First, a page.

“There are other ways to encourage people to manage wastewater treatment systems. In Chiang Mai, Klong Mae Kha improved its wastewater treatment system and underwent a landscape redevelopment. This helped people in the area earn income from tourists. As for factories, there are other actions that can be taken to treat wastewater. For example, a brewery often has excess yeast, which a golf club may want to use as a nutrient for its plants. Additionally, the PCD will establish subcommittees to specifically manage nutrients loading in oceans.”

Supported by the National Water and Climate Data Center, GOT 001 Station is a marine monitoring system collecting data on seawater at KU’s Sriracha Fisheries Research Station every five minutes. Tanuspong Pokavanich, a lecturer at KU, explained that this technology can monitor the temperature of seawater, the quality of freshwater and saltwater, wind power, oxygen and plankton blooms.

To prevent the green ocean issue, Sumana Kajonwattanakul, director of the Marine and Coastal Resources Research and Development Institute at the Department of Marine and Coastal Resources, suggested academicians cooperate and share their studies. She commented that most academicians work separately, so their knowledge is not shared and connected. After gaining extensive information about green oceans, the Department of Marine and Coastal Resources will send information to policymakers.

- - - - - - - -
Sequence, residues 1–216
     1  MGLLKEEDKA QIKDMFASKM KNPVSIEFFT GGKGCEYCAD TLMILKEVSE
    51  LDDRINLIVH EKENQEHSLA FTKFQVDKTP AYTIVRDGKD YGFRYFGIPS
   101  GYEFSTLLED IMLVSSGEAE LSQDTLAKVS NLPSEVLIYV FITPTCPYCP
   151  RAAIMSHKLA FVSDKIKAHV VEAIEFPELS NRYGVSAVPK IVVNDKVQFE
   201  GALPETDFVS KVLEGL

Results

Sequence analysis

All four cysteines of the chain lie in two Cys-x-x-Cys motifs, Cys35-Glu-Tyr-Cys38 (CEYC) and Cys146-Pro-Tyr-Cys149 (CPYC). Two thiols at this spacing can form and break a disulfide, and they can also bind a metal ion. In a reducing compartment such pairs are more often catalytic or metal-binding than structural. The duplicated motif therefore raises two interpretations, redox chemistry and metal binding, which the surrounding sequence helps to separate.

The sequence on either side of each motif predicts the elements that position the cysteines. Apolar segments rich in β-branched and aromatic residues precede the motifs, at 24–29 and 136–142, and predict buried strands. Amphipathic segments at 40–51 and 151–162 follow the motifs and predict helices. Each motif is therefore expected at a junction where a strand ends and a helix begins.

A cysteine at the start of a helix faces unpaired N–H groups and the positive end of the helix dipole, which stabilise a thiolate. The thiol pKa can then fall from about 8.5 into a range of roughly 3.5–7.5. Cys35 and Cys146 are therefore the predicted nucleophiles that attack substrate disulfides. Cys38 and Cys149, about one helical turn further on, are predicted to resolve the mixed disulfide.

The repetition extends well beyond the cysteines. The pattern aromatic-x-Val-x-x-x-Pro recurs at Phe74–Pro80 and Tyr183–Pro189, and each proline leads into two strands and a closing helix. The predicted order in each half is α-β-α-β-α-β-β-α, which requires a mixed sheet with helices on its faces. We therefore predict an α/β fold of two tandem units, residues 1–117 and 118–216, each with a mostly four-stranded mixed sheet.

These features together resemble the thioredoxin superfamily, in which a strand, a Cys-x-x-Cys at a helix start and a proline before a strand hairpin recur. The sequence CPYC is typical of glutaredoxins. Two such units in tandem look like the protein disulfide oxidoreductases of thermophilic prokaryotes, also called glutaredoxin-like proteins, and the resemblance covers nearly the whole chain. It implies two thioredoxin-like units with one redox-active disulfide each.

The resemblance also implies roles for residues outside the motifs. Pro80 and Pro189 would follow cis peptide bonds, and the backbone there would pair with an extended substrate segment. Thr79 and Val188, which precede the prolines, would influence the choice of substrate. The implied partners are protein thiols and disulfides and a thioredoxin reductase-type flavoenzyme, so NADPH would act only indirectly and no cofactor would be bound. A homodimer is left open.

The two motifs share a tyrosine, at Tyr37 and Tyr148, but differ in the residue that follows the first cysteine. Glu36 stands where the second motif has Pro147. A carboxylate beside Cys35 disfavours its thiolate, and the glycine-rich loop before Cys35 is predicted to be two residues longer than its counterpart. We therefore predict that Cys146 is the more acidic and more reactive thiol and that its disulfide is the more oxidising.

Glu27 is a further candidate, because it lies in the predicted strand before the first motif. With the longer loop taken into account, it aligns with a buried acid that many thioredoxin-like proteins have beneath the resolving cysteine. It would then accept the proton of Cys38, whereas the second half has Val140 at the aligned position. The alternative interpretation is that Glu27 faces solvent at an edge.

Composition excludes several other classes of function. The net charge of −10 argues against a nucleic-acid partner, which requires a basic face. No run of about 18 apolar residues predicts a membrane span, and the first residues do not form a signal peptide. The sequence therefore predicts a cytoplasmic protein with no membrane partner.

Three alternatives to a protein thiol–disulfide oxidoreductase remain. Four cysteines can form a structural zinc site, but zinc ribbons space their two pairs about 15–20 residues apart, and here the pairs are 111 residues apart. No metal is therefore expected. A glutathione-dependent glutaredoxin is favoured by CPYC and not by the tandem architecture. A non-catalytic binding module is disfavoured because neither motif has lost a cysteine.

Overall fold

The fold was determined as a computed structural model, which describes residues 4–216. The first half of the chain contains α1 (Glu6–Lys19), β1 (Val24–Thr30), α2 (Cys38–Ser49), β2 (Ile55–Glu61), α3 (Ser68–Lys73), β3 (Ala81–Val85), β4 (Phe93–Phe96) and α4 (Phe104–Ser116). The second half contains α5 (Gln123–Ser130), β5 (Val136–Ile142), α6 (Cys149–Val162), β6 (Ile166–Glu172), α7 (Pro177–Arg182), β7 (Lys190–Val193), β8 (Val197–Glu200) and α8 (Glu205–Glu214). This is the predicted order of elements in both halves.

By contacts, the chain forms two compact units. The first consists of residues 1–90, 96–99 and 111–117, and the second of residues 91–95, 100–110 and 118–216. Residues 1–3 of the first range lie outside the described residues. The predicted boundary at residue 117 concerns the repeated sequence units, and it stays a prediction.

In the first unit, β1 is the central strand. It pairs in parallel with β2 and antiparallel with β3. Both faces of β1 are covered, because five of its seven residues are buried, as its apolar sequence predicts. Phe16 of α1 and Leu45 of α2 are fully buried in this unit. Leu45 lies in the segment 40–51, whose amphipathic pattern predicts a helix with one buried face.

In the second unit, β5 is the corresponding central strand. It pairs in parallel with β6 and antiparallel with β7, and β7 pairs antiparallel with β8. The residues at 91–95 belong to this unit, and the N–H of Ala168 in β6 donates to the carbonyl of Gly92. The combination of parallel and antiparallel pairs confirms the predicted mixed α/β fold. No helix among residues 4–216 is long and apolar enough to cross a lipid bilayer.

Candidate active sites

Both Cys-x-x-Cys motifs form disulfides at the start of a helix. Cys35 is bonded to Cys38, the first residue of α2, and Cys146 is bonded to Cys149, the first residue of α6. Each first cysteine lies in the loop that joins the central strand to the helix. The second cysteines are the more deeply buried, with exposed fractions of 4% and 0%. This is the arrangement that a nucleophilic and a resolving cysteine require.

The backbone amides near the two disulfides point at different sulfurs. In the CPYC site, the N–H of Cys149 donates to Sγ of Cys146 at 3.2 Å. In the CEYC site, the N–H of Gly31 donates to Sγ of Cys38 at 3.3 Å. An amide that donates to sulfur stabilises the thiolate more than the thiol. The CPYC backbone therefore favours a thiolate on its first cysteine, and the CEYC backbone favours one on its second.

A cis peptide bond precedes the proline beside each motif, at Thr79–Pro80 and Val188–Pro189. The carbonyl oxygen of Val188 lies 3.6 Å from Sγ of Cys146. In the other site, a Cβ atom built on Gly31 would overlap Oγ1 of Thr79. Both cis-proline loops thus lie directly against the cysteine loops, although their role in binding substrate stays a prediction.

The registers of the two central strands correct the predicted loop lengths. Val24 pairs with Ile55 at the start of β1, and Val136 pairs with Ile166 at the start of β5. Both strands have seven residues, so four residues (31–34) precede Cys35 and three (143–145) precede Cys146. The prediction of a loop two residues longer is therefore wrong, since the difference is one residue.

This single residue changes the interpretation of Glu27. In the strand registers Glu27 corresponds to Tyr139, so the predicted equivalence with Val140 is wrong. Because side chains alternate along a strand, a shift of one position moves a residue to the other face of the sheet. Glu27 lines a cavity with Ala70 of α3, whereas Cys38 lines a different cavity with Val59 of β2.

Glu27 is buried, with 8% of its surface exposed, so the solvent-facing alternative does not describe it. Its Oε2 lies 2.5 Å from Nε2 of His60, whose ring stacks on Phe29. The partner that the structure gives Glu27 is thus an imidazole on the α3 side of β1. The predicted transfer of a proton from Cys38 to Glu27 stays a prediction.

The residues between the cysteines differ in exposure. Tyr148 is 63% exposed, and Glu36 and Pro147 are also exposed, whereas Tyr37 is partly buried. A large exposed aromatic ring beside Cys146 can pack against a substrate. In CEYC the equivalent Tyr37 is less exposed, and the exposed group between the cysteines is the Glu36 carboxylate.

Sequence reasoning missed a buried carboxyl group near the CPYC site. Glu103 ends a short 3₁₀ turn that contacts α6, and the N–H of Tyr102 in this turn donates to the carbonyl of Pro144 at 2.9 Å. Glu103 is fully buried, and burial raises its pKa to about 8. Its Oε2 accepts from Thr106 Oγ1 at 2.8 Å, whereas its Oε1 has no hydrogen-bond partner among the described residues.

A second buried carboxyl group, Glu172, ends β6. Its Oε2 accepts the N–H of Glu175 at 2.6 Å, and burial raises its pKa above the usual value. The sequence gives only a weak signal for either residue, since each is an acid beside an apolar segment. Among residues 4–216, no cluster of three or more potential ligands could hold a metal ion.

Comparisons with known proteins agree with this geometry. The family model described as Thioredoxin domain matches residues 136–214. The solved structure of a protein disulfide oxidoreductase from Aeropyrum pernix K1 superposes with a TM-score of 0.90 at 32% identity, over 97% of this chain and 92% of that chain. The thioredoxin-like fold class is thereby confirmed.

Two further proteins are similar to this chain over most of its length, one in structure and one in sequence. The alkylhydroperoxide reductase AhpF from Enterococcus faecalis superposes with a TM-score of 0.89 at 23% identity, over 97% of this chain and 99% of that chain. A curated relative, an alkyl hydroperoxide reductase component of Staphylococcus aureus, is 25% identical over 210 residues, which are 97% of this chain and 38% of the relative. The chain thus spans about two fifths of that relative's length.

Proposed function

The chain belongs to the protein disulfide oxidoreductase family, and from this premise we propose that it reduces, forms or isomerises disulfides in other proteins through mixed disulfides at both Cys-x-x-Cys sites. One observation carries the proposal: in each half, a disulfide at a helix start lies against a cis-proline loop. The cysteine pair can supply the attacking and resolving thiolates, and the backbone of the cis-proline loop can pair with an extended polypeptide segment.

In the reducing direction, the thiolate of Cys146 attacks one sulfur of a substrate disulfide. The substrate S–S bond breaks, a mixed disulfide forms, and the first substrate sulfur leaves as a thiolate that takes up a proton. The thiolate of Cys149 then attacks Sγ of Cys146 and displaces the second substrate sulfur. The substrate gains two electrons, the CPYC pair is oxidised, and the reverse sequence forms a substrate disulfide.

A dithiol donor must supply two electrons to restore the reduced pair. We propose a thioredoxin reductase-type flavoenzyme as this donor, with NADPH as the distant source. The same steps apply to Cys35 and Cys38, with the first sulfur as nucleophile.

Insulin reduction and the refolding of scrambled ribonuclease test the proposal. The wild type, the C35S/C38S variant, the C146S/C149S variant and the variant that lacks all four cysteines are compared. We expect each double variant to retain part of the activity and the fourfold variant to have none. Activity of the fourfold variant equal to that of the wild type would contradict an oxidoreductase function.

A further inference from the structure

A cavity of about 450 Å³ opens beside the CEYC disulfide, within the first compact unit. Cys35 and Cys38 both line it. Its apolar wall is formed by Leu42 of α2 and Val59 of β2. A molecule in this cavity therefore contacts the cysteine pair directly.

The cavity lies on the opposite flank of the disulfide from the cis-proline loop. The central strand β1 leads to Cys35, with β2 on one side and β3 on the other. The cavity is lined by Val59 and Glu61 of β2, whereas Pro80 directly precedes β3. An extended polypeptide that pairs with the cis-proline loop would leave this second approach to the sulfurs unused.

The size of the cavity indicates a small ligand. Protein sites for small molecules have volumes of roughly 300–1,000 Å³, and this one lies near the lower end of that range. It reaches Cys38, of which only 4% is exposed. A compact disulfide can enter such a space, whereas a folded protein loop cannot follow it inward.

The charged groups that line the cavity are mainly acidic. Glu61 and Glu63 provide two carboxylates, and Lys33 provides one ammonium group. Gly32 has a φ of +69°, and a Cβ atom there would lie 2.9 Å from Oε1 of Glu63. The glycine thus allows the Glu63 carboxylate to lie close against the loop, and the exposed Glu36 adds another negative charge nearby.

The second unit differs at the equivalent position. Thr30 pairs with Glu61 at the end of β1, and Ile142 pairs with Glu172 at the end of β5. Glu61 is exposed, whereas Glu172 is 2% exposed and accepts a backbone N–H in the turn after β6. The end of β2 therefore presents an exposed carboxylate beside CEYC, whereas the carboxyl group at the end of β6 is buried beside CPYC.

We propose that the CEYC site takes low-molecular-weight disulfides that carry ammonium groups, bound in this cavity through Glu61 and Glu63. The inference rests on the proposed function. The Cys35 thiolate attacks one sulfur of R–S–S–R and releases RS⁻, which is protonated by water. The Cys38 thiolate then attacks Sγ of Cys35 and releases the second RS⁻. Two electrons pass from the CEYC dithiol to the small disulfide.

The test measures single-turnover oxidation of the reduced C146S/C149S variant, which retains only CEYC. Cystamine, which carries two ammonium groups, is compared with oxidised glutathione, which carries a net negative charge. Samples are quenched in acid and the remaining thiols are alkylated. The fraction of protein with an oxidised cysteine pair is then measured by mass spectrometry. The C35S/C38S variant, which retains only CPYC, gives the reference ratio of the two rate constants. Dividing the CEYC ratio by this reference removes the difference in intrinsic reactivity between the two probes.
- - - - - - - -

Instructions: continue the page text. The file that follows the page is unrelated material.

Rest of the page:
Chaiyuth commented that the solution to addressing the issue of green oceans relies on cooperation and awareness from all sectors. It is like having a meal — everyone should finish everything on their plate, so there is no waste.

“Business owners should have a social conscience when it comes to discharging wastewater. Fishermen who raise fish and shellfish should provide sufficient food and avoiding overfeeding,” said Chaiyuth.

Asst Prof Thon said policymakers usually mention the sustainable development goals policy, but management of green oceans is not given much attention. During the forum, the PCD revealed that there are only 14 officers in charge of Thailand’s oceans. The Department of Marine and Coastal Resources’ budget was also cut, so it had to reduce marine surveys from four times a year to twice a year.

“Since plankton that contains toxins are now present in Thai waters, I am really concerned. Government agencies involved in this matter should allot budget to the PCD and Department of Marine and Coastal Resources to handle the issue,” concluded Asst Prof Thon.

RELATED ARTICLES
- Advertisment -

Most Popular